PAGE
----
|Height:||Male: 22-25 inches, Female: 21-24 inches|
|Weight:||Male: 60-70 pounds, Female: 53-65 pounds|
|Colors:||Fawn, brindle, and white|
|AKC recognized in:||1904|
The earliest reference to the name "Boxer" dates back to the late 18th century. It was then that the words "baxer", "boxl", "buxn", and "buchsen" in the German-Bavarian language equated to short trousers or underwear.
Another theory states that Boxer could have come from a particular breed of dogs in Munich known as the Bierboxer. What's known for certain is that Boxers were bred from English Bulldogs and Bullenbeisers.
At any rate, it is now endearingly referred to as the Deutscher Boxer, the German Boxer, or simply the Boxer breed. The nickname could also have sprung from its propensity to stand on its hind legs and "box" with its front paws as a form of play.
As to appearance, this large-sized breed of dogs is stocky and heavy. Its head is short and broad, while its muzzle is square. You'd observe an underbite in its strong and powerful jaws. Among show dogs, the tail is supposed to be docked and cropped but never stumpy or bobtailed.
Between the two popular breeds of Boxer namely the German and the American, it is the former which is broader in head and bigger in muscle.
|Ease of Training|
|Friendliness : Children|
|Friendliness: Other Animals|
|Friendliness: Other Pets|
Frankly, how can they not be lovable when the most recent statistics show that Boxers rank 6th among the most popular dog breeds in the U.S. - and for 3 straight years at that! It's a spot they've held just for being the extremely charming dogs that they are.
If the word Boxer has anything to do with being a prize fighter, then the German Boxer does have its own fighting qualities to boot. This breed may be short-coated but not necessarily short-tempered.
The Boxer does have that worrisome expression on its face as a puppy but, in fact, it is more of a curious and adaptable sort. Boxers make friendly and lively companions at home. Naturally suspicious of strangers, their strength and alertness prizes them as guard dogs.
You would be impressed by a Boxer's versatility because it can also take on the role of an intelligent and responsible K9 dog for police work, guide for the disabled, and messenger service. It is just as entertaining as show dog.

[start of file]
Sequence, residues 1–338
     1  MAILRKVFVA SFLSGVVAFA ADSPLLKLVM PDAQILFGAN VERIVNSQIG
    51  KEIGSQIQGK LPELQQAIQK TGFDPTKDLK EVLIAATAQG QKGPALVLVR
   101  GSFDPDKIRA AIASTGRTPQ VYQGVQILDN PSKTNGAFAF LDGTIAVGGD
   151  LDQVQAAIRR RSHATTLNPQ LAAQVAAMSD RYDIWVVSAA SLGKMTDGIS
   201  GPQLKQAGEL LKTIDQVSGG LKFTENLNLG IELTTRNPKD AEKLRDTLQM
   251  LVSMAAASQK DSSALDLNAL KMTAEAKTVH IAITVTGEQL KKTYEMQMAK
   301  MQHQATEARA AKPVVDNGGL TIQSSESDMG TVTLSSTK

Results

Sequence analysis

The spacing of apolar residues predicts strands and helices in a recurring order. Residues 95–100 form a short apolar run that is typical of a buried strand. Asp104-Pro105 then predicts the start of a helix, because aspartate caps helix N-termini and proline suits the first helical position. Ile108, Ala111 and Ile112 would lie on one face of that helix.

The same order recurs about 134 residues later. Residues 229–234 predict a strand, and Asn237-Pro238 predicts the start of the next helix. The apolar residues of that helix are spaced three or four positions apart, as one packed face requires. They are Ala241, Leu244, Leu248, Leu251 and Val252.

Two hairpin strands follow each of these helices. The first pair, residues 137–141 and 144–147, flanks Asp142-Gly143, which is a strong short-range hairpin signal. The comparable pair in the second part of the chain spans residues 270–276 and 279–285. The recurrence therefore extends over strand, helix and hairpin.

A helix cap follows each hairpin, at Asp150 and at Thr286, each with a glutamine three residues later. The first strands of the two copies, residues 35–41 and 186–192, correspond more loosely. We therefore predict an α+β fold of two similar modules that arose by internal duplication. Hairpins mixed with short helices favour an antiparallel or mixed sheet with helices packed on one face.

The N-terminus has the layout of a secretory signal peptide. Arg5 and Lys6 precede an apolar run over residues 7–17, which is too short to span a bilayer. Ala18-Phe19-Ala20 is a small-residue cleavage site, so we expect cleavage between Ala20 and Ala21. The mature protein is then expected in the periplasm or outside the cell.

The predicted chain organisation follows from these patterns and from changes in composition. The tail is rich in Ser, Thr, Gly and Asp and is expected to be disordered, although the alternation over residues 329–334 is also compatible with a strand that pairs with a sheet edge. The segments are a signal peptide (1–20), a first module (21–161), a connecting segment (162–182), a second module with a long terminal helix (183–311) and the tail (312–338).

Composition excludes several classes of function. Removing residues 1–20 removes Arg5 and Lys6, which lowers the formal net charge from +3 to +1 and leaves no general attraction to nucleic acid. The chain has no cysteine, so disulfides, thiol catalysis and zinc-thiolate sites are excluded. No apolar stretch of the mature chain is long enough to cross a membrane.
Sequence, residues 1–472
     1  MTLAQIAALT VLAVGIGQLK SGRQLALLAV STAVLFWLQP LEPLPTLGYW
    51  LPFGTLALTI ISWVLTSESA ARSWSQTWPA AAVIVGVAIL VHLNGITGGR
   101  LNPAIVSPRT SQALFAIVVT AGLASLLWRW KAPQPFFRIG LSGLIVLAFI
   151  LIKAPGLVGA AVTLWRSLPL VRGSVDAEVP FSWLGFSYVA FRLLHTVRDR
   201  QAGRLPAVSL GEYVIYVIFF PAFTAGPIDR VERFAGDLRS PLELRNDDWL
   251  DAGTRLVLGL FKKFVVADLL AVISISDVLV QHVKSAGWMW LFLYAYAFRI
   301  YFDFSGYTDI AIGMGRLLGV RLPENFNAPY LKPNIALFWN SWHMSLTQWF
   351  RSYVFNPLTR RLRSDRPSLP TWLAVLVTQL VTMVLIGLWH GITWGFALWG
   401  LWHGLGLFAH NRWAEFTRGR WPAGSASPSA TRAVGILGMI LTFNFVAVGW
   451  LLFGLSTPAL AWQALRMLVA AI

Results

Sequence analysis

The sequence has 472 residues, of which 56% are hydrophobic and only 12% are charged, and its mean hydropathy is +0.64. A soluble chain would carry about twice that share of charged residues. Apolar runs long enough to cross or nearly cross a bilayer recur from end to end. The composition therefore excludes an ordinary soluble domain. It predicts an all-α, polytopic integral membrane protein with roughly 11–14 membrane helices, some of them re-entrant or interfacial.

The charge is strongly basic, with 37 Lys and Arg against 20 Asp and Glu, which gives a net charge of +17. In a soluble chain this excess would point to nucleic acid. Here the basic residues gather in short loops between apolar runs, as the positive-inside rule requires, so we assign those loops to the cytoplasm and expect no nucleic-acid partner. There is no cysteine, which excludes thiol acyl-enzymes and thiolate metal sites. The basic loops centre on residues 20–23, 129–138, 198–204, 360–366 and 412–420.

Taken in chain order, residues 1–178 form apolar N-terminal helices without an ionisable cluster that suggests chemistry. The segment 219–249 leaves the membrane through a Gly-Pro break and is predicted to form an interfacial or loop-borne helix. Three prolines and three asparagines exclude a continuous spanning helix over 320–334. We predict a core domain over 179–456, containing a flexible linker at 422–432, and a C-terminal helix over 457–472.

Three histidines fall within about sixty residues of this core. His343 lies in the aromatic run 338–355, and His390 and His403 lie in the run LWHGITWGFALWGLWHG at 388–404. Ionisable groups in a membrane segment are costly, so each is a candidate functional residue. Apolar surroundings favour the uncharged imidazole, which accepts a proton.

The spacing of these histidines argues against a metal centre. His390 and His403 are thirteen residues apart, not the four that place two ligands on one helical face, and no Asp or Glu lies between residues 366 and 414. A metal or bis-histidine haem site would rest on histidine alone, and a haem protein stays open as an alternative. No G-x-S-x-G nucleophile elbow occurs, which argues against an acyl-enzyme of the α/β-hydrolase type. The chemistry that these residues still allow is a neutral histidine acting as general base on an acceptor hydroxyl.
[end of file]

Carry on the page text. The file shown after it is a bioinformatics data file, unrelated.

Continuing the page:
Health and Exercise
The Boxer has a life expectency of between 10 and 12 years.
Among all the diseases which could affect Boxers, cancer proves to be most fatal. Skin cancer and progressive deafness strike White Boxers in particular.
Secondly, it touches your heart to know that Boxers are prone to cardiac-related conditions like aortic stenosis and Boxer cardiomyopathy. There could also be malformations of the eye (entropion) or malformations of the spine (dystocia, spondylosis).
Boxers can likewise suffer from bloating, gastric torsion, and other intestinal problems which relate more to diet. They may also encounter hypothyroidism, epilepsy, and hip dysplasia in later years.
Boxers are an athletic and energetic breed, but over-exercise can only damage their bones from puppyhood. Pace your activities since they tend to overheat easily. Condition their body to exercise so that in maturity, they can become your faithful jogging and running companions.
This is your chance to add your feedback. Do you have a Boxer in your family, or know one in someone elses? Do you have a story to tell related to that Boxer? Or maybe you have more questions that either Dog Nation or another of our visitors might be able to help you with? Feel free to add your comment or question below.